Gorging on pizza, burgers and chips is more likely to lead to weight gain if you are STRESSED, study finds

April 28, 2019  16:30

It's well known that overindulging on high-calorie food can lead to the number on the scales creeping up.

But a study on mice shows that while under stress, watching what you eat may be even more important.

Gorging on pizza, burgers and chips is more likely to lead to weight gain if you are stressed, the research suggests.

Researchers discovered a high-calorie diet when combined with stress resulted in more weight gain than in a stress-free environment.  

Professor Herbert Herzog, from the Garvan Institute of Medical Research in Sydney, Australia, led the trial.

He said: 'This study indicates that we have to be much more conscious about what we're eating when we're stressed, to avoid a faster development of obesity.

'This really reinforced the idea that while it's bad to eat junk food, eating high-calorie foods under stress is a double whammy that drives obesity.' 

Professor Herzog, who described the findings as a 'vicious cycle', said when stressed most people will reach for high-calorie foods high in sugar and fat.  

The researchers looked at different areas of the brain in mice while feeding them a calorific diet. 

Food intake is mainly controlled by a part of the brain called the hypothalamus, the team of scientists revealed.

While another part of the brain - the amygdala - processes emotional responses, including anxiety.

Stressed mice became obese 'more quickly' than those who consumed the same high fat food in a stress-free environment.

It unclear what the stressors were or how many calories were consumed in proportion to body mass, and therefore how these factors would translate to humans.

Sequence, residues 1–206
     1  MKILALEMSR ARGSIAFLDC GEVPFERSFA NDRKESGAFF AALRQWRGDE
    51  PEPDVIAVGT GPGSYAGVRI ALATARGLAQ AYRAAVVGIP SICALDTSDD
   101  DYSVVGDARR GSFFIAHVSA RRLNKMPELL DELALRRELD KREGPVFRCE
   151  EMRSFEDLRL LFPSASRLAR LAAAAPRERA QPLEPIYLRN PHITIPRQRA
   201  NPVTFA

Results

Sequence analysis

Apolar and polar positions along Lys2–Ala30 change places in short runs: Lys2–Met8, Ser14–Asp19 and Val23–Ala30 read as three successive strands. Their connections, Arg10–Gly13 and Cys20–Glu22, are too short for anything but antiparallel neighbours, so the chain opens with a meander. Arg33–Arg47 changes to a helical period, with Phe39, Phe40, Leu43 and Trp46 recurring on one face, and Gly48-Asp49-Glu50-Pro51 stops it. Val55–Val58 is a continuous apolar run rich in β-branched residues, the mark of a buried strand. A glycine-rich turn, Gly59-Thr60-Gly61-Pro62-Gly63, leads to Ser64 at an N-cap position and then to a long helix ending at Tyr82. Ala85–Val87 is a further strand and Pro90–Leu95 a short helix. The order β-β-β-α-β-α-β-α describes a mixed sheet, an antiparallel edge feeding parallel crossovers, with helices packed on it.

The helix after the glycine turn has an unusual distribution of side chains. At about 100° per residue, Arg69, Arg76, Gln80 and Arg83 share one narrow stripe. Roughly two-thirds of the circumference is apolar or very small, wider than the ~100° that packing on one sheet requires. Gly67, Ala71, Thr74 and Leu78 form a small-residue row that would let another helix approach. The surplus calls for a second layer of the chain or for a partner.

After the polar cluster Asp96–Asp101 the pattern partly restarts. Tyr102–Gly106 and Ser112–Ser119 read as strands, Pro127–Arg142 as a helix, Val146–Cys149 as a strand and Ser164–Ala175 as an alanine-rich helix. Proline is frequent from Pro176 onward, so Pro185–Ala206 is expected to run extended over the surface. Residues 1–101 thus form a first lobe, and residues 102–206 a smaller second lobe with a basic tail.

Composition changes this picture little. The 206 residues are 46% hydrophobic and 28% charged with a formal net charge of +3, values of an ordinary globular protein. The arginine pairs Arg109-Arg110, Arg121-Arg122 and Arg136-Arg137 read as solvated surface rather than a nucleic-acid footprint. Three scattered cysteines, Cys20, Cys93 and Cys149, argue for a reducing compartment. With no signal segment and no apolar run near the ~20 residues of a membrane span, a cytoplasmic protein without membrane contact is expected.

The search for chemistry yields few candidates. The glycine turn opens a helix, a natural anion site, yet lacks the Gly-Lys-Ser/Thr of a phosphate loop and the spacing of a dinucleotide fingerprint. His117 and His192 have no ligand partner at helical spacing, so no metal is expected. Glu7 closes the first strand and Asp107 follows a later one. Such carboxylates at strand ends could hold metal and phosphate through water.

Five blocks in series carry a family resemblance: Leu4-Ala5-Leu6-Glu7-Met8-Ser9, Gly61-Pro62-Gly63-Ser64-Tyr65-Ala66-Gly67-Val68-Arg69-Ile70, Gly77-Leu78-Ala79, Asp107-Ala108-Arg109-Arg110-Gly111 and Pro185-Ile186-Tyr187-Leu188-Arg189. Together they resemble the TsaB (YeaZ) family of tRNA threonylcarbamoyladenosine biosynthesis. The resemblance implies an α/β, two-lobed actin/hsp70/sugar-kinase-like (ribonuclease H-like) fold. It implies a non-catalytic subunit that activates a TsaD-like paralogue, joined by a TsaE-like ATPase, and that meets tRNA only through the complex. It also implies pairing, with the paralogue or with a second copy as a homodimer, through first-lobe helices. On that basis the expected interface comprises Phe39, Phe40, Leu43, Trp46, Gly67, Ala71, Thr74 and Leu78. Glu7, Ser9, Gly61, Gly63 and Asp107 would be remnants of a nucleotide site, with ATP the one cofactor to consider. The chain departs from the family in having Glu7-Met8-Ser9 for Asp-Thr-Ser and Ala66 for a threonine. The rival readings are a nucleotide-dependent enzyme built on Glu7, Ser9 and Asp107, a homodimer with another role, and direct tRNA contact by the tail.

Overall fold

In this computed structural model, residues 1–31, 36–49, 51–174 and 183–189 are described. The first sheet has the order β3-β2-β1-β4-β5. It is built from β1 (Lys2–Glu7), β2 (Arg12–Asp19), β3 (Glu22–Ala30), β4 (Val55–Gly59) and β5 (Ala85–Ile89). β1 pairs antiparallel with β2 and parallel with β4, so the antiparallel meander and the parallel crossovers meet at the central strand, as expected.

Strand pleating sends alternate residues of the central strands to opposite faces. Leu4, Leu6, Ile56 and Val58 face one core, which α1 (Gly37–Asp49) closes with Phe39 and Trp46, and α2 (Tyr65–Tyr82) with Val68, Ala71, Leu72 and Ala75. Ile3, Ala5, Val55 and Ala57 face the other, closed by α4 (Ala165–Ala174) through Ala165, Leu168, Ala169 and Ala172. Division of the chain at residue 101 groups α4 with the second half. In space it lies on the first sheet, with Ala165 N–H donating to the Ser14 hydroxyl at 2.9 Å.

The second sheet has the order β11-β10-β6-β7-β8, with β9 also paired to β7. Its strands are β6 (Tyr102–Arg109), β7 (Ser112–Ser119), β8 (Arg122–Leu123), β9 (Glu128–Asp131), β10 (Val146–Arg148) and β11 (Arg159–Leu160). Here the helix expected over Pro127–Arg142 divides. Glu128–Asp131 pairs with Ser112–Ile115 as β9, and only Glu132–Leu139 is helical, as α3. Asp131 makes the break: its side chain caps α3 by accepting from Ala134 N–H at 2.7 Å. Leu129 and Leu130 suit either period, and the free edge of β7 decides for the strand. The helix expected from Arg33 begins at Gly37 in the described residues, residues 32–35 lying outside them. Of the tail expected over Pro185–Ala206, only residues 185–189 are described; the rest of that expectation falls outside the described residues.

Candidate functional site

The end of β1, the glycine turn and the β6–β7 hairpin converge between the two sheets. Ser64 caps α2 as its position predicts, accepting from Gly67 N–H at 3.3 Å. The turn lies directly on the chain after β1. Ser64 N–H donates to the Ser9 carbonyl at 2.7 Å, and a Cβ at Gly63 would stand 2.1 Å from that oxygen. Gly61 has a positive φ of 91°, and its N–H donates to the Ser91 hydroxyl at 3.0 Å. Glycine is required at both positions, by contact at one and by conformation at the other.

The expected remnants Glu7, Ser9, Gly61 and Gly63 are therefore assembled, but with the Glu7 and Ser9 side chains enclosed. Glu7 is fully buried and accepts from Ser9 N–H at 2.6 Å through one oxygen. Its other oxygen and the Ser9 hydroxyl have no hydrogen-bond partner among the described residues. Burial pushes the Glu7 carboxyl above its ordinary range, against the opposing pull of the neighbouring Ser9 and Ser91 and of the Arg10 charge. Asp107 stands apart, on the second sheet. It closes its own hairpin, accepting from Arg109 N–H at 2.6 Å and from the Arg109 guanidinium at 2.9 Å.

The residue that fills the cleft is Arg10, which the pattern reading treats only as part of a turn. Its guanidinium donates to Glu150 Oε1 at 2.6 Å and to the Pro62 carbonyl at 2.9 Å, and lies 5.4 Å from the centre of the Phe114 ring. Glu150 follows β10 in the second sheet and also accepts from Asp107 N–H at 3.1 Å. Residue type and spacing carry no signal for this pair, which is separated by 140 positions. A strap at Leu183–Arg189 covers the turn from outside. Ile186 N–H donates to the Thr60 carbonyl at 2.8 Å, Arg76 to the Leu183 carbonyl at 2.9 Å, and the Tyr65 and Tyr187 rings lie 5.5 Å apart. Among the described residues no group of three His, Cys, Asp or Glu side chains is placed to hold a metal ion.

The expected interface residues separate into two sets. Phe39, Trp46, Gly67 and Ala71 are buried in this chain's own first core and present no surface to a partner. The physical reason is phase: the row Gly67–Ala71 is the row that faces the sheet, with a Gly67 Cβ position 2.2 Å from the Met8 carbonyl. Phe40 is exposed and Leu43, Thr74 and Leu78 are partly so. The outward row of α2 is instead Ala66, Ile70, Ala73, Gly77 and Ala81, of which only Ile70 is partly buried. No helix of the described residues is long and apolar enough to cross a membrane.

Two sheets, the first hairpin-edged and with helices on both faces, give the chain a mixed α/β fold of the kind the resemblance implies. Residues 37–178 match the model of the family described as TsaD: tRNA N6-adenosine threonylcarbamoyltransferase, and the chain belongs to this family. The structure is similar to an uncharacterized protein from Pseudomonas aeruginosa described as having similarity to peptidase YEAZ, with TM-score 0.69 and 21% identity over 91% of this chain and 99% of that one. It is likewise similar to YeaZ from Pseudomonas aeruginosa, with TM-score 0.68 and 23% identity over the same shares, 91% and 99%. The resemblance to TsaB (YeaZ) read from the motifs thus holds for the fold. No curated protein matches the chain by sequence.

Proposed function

Tests showed a molecule called NPY played a crucial role in the weight gain, as it reduced their ability to burn energy through heat.

The brain produces NPY, short for Neuropeptide Y, naturally in response to stress, stimulating the need to eat in humans as well as mice. 

Study co-author Dr Kenny Chi Kin Ip said: 'We discovered that when we switched off the production of NPY in the amygdala, weight gain was reduced.

'Without NPY, the weight gain on a high-fat diet with stress was the same as weight gain in the stress-free environment. 

Dr Ip, whose findings were published in the journal Cell Metabolism, added: 'This shows a clear link between stress, obesity and NPY.'

The team analysed the nerve cells that produce NPY in the amygdala to see why there is a boost of it during stressful periods.   

They found they had receptors - or 'docking stations' - for insulin, a hormone that controls bloody sugar levels. 

Under normal conditions, the body produces insulin after a meal, which helps cells absorb glucose from the blood.

It also sends a 'stop eating' signal to the hypothalamus, the part of the brain which controls eating, the team said. 

They found chronic stress alone raises blood insulin.

But in combination with a high-calorie diet, the insulin levels were ten times higher than mice that were stress-free and received a normal diet. 

The study showed that the prolonged, high levels of insulin in the amygdala caused the nerve cells to become desensitised to insulin.

Without the ability to detect insulin, more NPY was created.

Other scientific studies have shown higher levels of NPY can lead to cravings for carbohydrates and reduce the feeling of fullness. 

Source: The Daily Mail

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